May 12 - 18 , 2008
Here is an archive column. Enjoy!
Stewardship Lessons from $3-a-gallon Gasoline
A radio news program recently interviewed a filling-station owner who put the gas-price crisis into perspective. The owner pointed out that nearby the station was a Starbucks coffee, where high-end lattes and frappachinos go for way more than a gallon of gas. "These customers come here and complain about paying $3 a gallon for gas, but then they go across the street and drop $5 on a cup of coffee," he said.
It's an observation that goes to the heart of stewardship values: People grouse about paying a little more for something they need, but they gladly open their wallets and surrender their credit cards for grossly overpriced stuff that they want. Does this sound familiar?
Pastors and finance committee chairs have long known that when it comes to giving to their congregations, many members look at their contributions the way they look at their gasoline bills: "What's the least I have to pay?" They note with frustration that many parishioners who seem to be able to drive the biggest SUV in the showroom, to watch the latest plasma television, to jet off on luxury vacations and to remodel the kitchen every five years nonetheless howl in protest when asked to increase congregational giving above 2 percent of their income.
The challenge is to get our people to look not only at the level of their congregational giving, but more importantly at the entirety of their household budget. What are they really spending money on?
Some years ago I was working as a newspaper reporter and making a decent income, but frustrated because I never seemed to put money away. I wanted to find out what I was spending my money on, and for just a month I carried around a little pad and wrote down every single purchase. At the end of the month I was totally astounded to learn how much money I spent on restaurant meals, take-out coffee and entertainment.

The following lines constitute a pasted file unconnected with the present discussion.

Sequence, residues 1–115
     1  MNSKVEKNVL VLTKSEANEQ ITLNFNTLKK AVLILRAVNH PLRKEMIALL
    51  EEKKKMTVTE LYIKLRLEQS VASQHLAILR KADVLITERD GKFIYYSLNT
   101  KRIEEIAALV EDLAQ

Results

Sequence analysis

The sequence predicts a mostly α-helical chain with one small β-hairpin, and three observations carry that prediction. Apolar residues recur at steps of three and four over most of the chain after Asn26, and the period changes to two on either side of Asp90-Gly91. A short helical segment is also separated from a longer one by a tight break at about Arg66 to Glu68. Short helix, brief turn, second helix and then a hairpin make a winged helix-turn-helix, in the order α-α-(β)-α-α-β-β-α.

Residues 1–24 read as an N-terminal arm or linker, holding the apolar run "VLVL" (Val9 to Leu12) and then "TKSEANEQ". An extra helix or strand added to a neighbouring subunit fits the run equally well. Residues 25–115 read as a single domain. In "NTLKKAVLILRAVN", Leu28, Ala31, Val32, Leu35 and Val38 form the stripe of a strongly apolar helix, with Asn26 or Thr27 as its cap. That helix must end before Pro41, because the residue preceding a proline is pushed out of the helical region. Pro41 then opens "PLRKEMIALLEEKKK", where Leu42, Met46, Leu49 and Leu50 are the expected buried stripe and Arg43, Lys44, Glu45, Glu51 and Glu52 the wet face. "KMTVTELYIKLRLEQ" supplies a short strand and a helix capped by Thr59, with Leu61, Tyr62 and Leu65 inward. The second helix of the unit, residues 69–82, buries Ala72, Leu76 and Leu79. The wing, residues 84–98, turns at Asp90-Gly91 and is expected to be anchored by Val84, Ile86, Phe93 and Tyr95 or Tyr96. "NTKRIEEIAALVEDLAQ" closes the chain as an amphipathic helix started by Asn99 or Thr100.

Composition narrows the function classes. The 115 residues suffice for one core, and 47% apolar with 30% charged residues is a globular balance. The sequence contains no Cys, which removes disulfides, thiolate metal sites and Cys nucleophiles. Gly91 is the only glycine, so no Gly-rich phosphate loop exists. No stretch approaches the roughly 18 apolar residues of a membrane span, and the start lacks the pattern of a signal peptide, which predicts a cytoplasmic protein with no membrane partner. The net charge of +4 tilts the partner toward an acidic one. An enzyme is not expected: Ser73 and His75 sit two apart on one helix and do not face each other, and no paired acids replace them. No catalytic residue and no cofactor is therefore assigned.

Tightening my belt was pretty painless. And I began not only to live on my income, but also to sock $100 a week into savings. Interestingly, at the time I shared an apartment with a fellow reporter at the newspaper who made the same money I did. But while I was saving, the other reporter was always broke and had to take a part-time job to make ends meet. Now we shared the apartment, so our living expenses were identical. The difference was our spending habits. My colleague spent money lavishly on ski equipment, a second car, vacation trips and eating out every night. I was saving.
The point is, while many people truly just scrape by, many others are in a "just scrape by" position because of how they spend their money. Stewardship starts with an understanding that there is sufficiency in God's world for all our needs, but not necessarily all our wants.
If families were encouraged to look at their household budget with that same underlying premise, they may find they are richer than they thought. And from that, gratitude and generosity follow.
--Rob Blezard, Webmaster and editor
Reprint rights gladly given to congregations for local, nonprofit use. Just include this note: "Copyright (c) 2006, The Rev. Robert Blezard, www.stewardshipoflife. Used by permission."
New This Week
Stewardship Strategies for Local Churches
OK, here is a “Stewardship 101” type of resource that identifies key points and issues for any congregation to assess where they are in stewardship, where they should be – and how to get there. Good stuff. Click here for Stewardship Strategies for Local Churches, from the United Methodist Church’s Detroit Annual Conference.
Stewardship Notes from the Road
“Going on vacation doesn’t mean you leave stewardship issues at home. If anything, vacation time means facing even more decisions about use of one’s resources and care of God’s good creation. Does one fly and purchase carbon offsets, take a train, or drive and cry at the rising cost of gas? Does one stay with relatives and friends or book a hotel?” Click here for this latest essay by SOLI columnist Sharron Reissinger Lucas. Click here to read her archived columns.
Five Components of Congregational Stewardship
This simple resource is the kind of thing you can tape above your desk or put on your fridge with a magnet. You can refer to it to stay focused. Simple. Direct. Informative. Click here for “Five Components of Congregational Stewardship,” from the LaCrosse [Wis.] Area Synod, ELCA.
Website: Christian Ecology Link
From the United Kingdom comes an interesting website put together by Christians devoted to doing something about the environmental crisis. Here you’ll find tips, free articles for a parish newsletter, as well as research, inspiration and links. Check it out. Click here for “Christian Ecology Link.”